The I Love You Too Book List

Friday, August 23, 2002

The Perks Of Being A Wallflower by Stehpen Chbosky ***

I have just gotten back from vacation were I finished reading Stephen Chbosky’s first novel, “The Perks of Being a Wallflower”. This book is not a breathtaking work of fictional literature, but it is an easy, short, simple read and a was great book to breeze through during my leisurely days on the beech. I purchased this novel knowing little about it. I bought it simply because the cover art, title, and the précis on the back of the book intrigued me. As a publication of MTV Books, (a division of Viacom Inc., I know, this almost scared me away too) it is not surprising that this book has great appeal among the young adult/teen demographic. In fact, this book is wildly popular among many young readers and adults alike. The book has made its way into high school required reading lists and consequently in conservative book banning and censorship groups. This novel is not without its clichés and criticisms, yet I would still definitely recommend this book, particularly to a younger audience.

Chbosky presents the reader with an endearing story that is sad yet somehow hopeful. Written in an epistolary narrative, the novel is set during 1991 in Pittsburgh, the same year I was a senior in high school. This setting presented me with great sense of nostalgia, especially the various references to the pop culture of the time such as Nirvana, Fantasy Island, and Saturday Night Live. The protagonist Charlie (an alias) is in his mid-teens, sincere, earnest, hypersensitive, a bit of a loner, introspective, exceptionally intelligent, lachrymose, and emotionally troubled. Although emotionally involved, Charlie is both socially and personally passive to the life that surrounds him. Charlie observes and analyzes life but rarely participates. Charlie is a wallflower. It is these characteristics and the situations he finds himself in that somehow make Charlie a universal character that is easy to relate too. Charlie soon meets new friends Patrick (a gay senior who provides reciprocal support for Charlie) and Samantha (Charlie’s first crush) who introduce him to their circle of friends. The beginning of the book seemed a bit like an After School Special and the novel took some warming up to, but as the story progressed, Charlie’s character developed and my interest piqued. Charlie ends up dealing with nearly every conceivable issue a modern teenager can encounter – including but not limited to mortality, suicide, guilt, social awkwardness, crushes, drugs, alcohol, sex, molestation, dating, masturbation, homosexuality, pregnancy, abortion, severe depression, unrequited love, rape, family issues, self discovery, domestic/sexual/emotional abuse, true friendship, heartache, and bullying.

For the most part Chbosky does a great job of accurately portraying the life of a shy, troubled teen. But the chances of somebody coming across all of these issues during their first year of high school is improbable and unrealistic and in that way the novel seems slightly contrived and very melodramatic. However, the way in which Charlie resolves or handles these issues is quite realistic. Chbosky made the characters breath with simple descriptions of tone and habit, references to the nervous gestures that betray and most ultimately define us. As a whole, this novel is somewhat grievous, sections leave you sitting with a weird sense of combined disgust and wonder. The ending is not particularly encouraging. The hero doesn’t save the world in this story - just a boy going on with life after a concerning crisis. It's not like any of the issues or situations in the book are foreign to us. The sense of wonder and disgust stems from the fact many of Charlie’s issues are unbelievably typical, commonplace or regular in an appalling way. But this is also how the novel creates its appeal. It draws from our ability to relate to Chbosky’s character. It's not pointless to portray miserable situations, it can exorcise trauma, and offer shared understanding. Ultimately, this is the reason for the popularity of this novel as well as the reason for my personal enjoyment.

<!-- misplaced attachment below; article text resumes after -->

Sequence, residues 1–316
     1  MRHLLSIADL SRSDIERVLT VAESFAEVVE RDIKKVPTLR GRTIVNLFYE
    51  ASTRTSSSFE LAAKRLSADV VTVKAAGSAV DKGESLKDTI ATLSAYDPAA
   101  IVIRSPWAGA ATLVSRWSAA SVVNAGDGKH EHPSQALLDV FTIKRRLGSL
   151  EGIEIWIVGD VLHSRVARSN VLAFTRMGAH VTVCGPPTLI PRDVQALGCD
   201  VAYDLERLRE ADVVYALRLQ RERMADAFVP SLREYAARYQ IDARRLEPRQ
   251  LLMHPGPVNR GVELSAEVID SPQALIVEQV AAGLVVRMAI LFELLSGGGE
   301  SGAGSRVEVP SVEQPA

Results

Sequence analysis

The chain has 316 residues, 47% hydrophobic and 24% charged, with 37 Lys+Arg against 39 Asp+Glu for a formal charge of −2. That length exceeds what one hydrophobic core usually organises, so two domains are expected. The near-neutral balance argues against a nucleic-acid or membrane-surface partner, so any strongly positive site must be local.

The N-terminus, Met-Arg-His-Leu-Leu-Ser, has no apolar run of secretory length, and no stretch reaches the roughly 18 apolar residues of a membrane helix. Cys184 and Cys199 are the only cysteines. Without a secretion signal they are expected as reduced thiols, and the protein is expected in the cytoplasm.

I guess what I'm saying is that this all feels very familiar. But it's not mine to be familiar about. I just know that another kid has felt this. This one time when it's peaceful outside, and you're seeing things move, and you don't want to, and everyone is asleep. And all the books you're read have been read by other people. And all the songs you've loved have been heard by other people. And that girl that's pretty to you is pretty to other people. And you know that if you looked at these facts when you were happy, you would feel great because you are describing "unity." It's like when you are excited about a girl and you see a couple holding hands, and you feel so happy for them. And other times you see the same couple, and they make you so mad. And all you want is to always feel happy for them because you know that if you do, then it means that you're happy, too.

Reviewed by Hubs @ 10:43 AM

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